Following service of the summonses in November 2018, the recipient lawyers responded in different ways.  Several provided the requested information while some objected on a solicitor-client basis.  The latter filed a motion before the arbitrator to quash the summonses and, with the parties, argued the motion June 12, 2019.

In the hearing before the arbitrator, BP conceded that solicitor-client privilege covered the information sought but declined the option to receive the information with clients’ names redacted.  Without that information, BP agued it would not have sufficient information to cross-reference the information with referred to BP but declined.  The arbitrator issued reasons June 14, 2019 in which he accepted the non-party law firms’ objections. See para. 17 of Chalmers J.’s reasons reproducing key passages of the arbitrator’s reasons.

The arbitrator identified the competing submissions as to whether clients contacting J would have had a reasonable expectation of privacy and concluded that they would have.  He applied section 30 of the Arbitration Act, 1991, SO 1991, c 17

No person shall be compelled to produce information, property or documents or to give evidence in an arbitration that the person could not be compelled to produce or give in a court proceeding”. 

This section follows the general provision at section 29 which provides in part that:

– a party may serve a witness with a notice, issued by the arbitrator, requiring the witness to attend and give evidence at the arbitration at the time and place named in the notice; and,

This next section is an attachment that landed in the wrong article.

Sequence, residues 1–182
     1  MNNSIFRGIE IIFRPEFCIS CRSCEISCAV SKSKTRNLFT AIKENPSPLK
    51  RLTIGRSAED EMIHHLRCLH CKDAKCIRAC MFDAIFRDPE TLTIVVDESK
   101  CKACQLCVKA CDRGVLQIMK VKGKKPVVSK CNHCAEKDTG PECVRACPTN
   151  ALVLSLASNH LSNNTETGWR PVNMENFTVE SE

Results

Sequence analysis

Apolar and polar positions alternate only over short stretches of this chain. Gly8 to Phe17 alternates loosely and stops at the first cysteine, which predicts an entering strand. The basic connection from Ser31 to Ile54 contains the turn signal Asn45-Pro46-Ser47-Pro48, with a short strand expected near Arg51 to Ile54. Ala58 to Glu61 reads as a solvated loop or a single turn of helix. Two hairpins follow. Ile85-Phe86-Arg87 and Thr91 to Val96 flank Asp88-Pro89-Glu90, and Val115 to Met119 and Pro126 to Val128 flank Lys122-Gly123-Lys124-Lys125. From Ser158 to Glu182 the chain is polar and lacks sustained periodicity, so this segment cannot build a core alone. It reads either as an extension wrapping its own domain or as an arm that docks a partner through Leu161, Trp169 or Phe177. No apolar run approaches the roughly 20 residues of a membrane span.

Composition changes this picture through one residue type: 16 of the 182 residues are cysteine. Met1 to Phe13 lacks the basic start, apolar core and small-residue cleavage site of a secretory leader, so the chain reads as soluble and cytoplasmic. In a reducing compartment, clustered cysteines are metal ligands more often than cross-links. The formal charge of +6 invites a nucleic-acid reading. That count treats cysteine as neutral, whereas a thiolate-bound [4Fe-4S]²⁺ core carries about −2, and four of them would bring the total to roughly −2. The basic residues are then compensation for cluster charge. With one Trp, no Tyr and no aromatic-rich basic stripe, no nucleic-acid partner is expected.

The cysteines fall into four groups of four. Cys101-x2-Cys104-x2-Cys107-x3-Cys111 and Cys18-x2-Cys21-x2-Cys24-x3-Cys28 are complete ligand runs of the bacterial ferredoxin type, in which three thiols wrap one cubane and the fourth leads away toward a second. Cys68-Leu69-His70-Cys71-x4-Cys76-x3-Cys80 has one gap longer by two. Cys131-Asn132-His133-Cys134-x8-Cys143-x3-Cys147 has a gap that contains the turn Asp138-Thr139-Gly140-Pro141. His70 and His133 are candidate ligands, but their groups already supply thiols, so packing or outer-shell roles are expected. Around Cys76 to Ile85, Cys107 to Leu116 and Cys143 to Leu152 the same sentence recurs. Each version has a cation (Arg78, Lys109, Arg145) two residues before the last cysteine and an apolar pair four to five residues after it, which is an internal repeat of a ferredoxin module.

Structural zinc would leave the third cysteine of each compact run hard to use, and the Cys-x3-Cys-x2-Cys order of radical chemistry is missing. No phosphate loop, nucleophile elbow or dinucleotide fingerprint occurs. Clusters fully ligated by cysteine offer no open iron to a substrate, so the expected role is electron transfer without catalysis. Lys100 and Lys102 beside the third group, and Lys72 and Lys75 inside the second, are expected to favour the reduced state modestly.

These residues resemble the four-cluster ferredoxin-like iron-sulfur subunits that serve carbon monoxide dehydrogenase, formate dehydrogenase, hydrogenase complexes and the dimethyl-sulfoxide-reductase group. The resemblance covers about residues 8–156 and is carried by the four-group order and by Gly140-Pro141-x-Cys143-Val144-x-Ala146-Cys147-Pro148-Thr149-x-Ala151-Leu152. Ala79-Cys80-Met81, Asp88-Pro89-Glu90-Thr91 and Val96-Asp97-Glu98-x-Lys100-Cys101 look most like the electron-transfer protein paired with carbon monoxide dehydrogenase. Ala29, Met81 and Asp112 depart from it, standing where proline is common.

– that notice has the same effect as a notice in a court proceeding requiring a witness to attend at a hearing or produce documents, and shall be served in the same way.

As part of that decision, the arbitrator awarded costs against BP in favour of the three (3) of the non-party law firms in the amounts of $14,498.92, $14,766.25 and $14,064.27.

Following receipt of the decision, BP applied July 18, 2019 for reconsideration, offering to accept the option dismissed earlier to received redacted information.  The arbitrator refused by decision which issued August 8, 2019, explaining that reconsideration was limited to correct for errors as a result of oversight and BP’s request did not qualify. BP appealed as did one (1) of the non-party law firms which cross-appealed its award of costs.  

Chalmers J. noted that the appeal and cross-appeal raised four (4) issues: jurisdiction to hear the appeal; standard of review; did arbitrator err in quashing the summonses; and, did the arbitrator err in costs award.

(a) jurisdiction to hear the appeal (paras 22-31) – In their PSA (or June 2, 2015 agreement to arbitrate negotiated after J’s motion to strike), the parties agreed among themselves that they permitted appeals of a preliminary matter as a question of fact, law or mixed question of fact and law.  Chalmers J. noted the non-party law firm’s objection to that approach to appeals, arguing that it was not a party to the PSA or June 2, 2015 agreement to arbitrate a was not bound by it.  Absent agreement, section 45(1) of the Arbitration Act applied.

BP argued that the non-party law firm had attorned to the arbitrator’s jurisdiction by making its application and not objecting to his jurisdiction.  The non-party law firm disagreed, referring to the jurisdiction exercised by section 29(1) of the Arbitration Act. They cited Dian Musical Reproduction Rights Agency Limited v. Canadian Recording Industry Association, 2005 CanLII 62970 (ON SC).